Sunday, November 26, 2006

Dictator and Chief

It's no surprise that a majority of the country is dissatisfied with the Republicans, and it is equally no surprise that the President's policies have gone to the extreme in damaging American international good will, democracy, and character. The light on top of the hill continues to dim, and Americans should be aware why this is the case. Consider the Vice President's perspective on the issue of Presidential power. The reality of the situation is very different, regardless of what the Vice President may think.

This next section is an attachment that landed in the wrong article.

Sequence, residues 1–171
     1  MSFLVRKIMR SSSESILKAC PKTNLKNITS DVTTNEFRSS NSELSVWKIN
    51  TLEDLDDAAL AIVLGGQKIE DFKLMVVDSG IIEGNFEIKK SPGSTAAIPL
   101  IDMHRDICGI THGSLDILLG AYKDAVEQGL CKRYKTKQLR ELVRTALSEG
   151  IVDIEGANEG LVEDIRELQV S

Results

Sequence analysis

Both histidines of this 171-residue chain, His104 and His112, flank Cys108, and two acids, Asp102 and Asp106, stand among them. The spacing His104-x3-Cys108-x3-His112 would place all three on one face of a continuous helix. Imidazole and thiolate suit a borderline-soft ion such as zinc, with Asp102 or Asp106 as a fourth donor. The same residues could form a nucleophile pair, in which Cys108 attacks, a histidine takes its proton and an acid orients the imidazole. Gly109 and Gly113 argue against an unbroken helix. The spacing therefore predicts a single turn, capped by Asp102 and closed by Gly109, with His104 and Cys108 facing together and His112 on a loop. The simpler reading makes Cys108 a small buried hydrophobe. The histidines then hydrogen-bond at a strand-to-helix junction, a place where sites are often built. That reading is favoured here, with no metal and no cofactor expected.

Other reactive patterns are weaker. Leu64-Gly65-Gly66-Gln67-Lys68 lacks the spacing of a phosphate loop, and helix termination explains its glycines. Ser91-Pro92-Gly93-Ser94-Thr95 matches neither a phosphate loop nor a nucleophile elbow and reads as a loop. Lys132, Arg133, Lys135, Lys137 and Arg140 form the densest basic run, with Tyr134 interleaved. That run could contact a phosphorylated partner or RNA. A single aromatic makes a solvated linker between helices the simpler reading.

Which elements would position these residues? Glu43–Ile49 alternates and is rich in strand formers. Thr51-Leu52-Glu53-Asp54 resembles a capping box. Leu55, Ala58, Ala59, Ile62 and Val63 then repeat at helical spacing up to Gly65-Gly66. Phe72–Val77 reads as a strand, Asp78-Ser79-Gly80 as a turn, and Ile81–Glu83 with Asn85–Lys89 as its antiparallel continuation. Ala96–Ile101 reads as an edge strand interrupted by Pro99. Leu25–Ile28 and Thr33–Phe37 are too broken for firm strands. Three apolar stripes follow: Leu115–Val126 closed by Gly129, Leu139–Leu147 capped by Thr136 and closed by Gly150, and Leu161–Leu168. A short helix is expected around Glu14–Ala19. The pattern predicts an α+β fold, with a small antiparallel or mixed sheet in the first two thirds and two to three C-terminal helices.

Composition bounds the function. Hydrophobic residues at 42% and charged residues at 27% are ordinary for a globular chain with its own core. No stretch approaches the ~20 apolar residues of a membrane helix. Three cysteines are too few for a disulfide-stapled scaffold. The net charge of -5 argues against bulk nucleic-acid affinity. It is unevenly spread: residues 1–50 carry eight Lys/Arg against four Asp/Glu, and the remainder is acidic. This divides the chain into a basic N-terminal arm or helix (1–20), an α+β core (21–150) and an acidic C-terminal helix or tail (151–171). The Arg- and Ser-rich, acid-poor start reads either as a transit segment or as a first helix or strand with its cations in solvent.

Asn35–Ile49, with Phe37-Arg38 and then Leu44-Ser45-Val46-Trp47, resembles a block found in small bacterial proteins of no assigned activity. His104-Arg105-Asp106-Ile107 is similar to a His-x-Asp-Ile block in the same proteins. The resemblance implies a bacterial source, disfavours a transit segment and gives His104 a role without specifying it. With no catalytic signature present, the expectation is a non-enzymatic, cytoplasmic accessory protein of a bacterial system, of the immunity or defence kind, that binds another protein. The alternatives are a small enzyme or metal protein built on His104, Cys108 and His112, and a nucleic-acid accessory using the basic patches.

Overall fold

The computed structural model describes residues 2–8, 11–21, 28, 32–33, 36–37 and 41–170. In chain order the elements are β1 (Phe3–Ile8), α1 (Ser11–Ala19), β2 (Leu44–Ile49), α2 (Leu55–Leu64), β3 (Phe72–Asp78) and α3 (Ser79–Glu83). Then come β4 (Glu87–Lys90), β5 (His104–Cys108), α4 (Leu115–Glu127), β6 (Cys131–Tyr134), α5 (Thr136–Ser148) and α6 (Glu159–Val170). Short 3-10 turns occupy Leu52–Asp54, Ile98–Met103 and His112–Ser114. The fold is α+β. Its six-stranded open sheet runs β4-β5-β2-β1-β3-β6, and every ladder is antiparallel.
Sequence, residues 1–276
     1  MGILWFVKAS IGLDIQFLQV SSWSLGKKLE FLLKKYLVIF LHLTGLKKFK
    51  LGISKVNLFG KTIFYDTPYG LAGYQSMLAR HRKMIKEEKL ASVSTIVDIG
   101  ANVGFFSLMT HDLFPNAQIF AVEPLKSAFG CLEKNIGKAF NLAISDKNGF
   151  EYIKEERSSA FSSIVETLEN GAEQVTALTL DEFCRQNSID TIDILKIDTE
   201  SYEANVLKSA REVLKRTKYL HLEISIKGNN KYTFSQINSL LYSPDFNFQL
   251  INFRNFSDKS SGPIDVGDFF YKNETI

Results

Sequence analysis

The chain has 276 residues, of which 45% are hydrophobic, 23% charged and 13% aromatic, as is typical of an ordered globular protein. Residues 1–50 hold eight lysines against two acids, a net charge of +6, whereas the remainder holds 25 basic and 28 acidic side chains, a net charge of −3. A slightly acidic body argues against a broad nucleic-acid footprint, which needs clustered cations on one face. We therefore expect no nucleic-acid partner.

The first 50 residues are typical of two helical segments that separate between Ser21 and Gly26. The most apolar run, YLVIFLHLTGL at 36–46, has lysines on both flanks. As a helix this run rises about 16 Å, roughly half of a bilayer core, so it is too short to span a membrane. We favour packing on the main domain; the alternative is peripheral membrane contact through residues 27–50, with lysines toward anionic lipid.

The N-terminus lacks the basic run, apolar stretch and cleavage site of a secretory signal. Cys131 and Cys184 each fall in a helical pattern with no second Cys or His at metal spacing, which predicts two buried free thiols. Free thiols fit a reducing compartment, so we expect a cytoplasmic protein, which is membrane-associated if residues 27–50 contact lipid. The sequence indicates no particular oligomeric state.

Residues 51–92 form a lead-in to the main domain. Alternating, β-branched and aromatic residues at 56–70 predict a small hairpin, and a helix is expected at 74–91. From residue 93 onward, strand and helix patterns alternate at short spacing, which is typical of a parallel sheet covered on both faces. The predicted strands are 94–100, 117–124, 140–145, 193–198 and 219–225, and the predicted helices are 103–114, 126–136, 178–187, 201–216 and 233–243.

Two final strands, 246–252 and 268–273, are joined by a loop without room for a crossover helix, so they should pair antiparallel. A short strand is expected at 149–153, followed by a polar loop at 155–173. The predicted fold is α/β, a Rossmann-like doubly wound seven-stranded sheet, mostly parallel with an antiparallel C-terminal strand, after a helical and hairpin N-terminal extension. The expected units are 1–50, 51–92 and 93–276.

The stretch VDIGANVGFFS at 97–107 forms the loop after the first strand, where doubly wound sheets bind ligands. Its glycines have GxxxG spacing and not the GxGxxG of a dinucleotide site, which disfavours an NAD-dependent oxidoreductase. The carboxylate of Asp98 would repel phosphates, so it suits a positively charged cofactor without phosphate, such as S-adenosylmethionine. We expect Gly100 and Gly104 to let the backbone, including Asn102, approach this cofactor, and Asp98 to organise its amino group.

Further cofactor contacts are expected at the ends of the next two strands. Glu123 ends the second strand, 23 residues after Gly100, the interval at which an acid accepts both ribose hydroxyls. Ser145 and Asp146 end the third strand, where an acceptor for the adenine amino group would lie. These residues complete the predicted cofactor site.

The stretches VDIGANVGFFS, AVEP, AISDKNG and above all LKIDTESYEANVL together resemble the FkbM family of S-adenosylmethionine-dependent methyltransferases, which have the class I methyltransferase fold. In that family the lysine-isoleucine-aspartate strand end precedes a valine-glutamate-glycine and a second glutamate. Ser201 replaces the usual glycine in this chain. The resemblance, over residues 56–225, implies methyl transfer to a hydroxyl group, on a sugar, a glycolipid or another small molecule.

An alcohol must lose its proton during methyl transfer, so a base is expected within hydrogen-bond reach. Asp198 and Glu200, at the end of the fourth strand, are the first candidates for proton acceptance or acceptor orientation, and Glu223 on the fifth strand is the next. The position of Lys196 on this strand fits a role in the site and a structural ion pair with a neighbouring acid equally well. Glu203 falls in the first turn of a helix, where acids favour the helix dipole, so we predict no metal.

Looking at the general breakdown of powers in the Constitution, it stands to reason that Congress retains the dominant amount of power in our governmental system, the President deals with international issues, and the judiciary has the ultimate authority to determine when either of the other two branches are overstepping their constitutional limitations. Article I, section 8, attributes 18 specific powers to the Congress, leaving the remainder to the states unless specified otherwise. Conversely, Article II, section 2, provides the President with only 4 specific, articulable powers. Moreover, the language of Article II does not provide the President with a blanket power, like it does with the Legislation through the necessary and proper clause in Article I. Historically, Congress has created laws that limit or expand the powers of the President, usually with regard to appropriations or the use of the military. In addition, the drafters of the Constitution expressed concerns about having an overly powerful President, especially after the end of the Revolutionary War. Someone needs to inform the leaders of this country about the way things are supposed to work, and give the people their country back.

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